Nearly one in every three woman suffered from acute pneumonia, which doctors pointed out could be linked to lack of shelter facility during winter months.

NEW DELHI: An analysis of postmortems conducted at AIIMS on unclaimed bodies of women from 2006 to 2012 has revealed that most of bodies had low Body Mass Index (BMI), indicating malnutrition along with superimposed diseases.

Nearly one in every three woman suffered from acute pneumonia, which doctors pointed out could be linked to lack of shelter facility during winter months.

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“Self-neglect, poor personal hygiene and lack of access to medical facilities may further exacerbate the morbidity and mortality due to pneumonia,” stated the study published by AIIMS in the latest issue of National Medical Journal of India (NMJI).

It added that accidents were the second most common cause of death. Most women suffered haemorrhagic shock and/or severe head injury in road traffic accident leading to their death. “One explanation for road accident deaths could be that most homeless people sleep near roads and hence they are prone to accidents,” Dr Chittaranjan Behera, the lead author told TOI. He added that homicidal and suicidal causes accounted for 11% and 8% of all deaths, respectively.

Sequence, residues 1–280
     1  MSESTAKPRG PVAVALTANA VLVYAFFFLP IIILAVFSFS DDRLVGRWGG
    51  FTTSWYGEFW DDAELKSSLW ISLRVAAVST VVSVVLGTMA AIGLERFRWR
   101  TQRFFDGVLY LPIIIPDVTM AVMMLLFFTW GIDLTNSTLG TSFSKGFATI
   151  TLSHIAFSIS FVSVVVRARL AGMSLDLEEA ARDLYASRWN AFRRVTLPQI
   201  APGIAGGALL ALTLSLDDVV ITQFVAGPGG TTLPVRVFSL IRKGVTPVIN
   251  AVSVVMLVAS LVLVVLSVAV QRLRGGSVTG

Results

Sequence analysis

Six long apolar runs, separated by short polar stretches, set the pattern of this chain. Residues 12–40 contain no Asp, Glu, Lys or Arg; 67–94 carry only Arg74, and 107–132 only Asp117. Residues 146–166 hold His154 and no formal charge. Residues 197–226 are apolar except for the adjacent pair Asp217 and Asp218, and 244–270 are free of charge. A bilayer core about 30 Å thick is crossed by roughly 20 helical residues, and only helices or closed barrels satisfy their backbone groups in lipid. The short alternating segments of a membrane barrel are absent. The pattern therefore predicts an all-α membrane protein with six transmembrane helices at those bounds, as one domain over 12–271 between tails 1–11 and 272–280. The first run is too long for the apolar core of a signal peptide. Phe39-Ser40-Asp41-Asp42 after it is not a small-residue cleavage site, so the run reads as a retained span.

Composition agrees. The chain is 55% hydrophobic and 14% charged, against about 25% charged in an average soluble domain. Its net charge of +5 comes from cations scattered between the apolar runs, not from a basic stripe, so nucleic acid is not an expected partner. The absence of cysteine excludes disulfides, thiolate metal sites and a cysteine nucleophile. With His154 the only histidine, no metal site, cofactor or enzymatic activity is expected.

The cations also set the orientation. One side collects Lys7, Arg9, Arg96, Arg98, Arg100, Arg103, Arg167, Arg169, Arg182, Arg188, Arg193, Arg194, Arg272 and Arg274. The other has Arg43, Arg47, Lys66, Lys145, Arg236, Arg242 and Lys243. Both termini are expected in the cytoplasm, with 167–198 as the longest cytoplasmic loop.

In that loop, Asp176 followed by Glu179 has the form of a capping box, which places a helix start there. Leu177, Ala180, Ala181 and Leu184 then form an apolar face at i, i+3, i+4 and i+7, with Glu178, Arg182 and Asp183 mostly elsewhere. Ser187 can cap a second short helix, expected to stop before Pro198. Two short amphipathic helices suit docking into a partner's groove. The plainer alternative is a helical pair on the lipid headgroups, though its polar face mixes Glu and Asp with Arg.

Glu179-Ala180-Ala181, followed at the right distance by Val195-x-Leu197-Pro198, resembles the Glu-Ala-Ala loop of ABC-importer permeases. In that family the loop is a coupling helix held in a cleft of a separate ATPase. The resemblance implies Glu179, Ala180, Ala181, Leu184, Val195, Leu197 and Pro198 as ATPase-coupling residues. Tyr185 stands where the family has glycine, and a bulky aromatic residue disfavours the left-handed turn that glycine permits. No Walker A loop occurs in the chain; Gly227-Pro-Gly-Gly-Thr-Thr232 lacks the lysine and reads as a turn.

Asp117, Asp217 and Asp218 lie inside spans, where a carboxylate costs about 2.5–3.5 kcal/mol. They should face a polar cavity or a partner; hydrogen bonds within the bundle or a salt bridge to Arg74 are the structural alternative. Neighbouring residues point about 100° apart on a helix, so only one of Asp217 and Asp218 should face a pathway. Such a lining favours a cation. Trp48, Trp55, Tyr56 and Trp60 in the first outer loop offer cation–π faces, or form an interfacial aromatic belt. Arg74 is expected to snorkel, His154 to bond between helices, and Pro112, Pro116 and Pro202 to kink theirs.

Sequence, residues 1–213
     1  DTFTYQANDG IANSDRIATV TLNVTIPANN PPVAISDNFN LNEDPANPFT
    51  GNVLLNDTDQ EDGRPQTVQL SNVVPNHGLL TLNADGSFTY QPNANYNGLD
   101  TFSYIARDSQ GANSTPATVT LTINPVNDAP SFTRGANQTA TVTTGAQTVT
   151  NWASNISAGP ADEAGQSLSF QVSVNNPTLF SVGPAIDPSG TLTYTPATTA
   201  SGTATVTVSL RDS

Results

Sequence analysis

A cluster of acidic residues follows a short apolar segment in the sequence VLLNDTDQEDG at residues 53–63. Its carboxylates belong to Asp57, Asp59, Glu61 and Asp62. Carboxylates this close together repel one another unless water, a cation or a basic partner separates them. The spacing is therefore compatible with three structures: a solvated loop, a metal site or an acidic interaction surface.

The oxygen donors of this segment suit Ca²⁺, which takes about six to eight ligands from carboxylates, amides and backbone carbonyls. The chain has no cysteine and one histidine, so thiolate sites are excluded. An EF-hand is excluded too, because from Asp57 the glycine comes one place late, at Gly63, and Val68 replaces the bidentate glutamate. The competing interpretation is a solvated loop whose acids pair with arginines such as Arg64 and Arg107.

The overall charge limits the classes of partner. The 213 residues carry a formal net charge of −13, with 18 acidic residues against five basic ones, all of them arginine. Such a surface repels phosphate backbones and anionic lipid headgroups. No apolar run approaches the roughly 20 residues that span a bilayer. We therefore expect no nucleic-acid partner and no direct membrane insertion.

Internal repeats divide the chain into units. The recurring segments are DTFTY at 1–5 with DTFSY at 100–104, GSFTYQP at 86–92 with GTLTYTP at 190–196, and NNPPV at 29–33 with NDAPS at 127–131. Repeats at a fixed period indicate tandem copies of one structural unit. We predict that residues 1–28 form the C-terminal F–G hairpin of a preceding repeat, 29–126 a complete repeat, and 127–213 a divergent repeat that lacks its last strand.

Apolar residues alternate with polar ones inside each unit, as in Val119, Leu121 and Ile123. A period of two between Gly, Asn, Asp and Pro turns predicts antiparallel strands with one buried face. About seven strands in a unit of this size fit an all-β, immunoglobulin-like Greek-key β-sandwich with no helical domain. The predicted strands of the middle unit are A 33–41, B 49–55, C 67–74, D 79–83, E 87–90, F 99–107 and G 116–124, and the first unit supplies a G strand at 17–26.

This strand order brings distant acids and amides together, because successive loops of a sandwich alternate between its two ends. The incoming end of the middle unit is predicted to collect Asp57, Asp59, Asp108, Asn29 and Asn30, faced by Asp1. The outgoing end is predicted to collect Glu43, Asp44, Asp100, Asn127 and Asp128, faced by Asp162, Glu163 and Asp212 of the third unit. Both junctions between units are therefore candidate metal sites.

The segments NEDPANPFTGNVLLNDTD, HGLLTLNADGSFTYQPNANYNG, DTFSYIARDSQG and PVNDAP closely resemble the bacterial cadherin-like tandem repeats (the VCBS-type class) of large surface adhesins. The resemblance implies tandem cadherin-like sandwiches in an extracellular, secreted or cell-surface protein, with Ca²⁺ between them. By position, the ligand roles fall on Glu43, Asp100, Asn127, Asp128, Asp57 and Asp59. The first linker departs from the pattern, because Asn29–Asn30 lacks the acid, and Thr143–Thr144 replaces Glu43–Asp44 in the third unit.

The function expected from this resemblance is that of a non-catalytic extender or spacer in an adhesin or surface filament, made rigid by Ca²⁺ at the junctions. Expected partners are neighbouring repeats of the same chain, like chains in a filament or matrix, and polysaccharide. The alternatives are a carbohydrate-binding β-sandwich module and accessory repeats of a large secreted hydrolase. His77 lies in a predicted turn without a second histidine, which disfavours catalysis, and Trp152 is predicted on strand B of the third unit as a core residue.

“Most homeless women are vulnerable to physical as well as sexual abuse, which makes them more prone to homicides,” the doctor said, adding they came across a 25-year-old pregnant woman who had been strangulated and left to die.

The doctors, in their report on unclaimed bodies of women published in NMJI, advocated for increased sensitivity to be shown towards the vulnerable section of society, apart from creating safe shelter homes.

“Mental distress caused by extreme poverty and physical and/or sexual abuse may account for most instances of suicide,” the journal said.

Activists said that while the number of night shelters for homeless has gone up, safety and security of women living there needs further improvement. “There were few toilets. In some cases, the shelters meant for men and women lay adjacent to each other,” said an activist. He added that recently Delhi government has come up with plans to open mohalla clinics near the night shelters so that the habitants can seek medical care.

According to a 2010 survey, the NMJI study said that nearly 56,000 people are estimated to be homeless in Delhi. Women constitute a minor proportion of the homeless but represent a more vulnerable and often neglected section.

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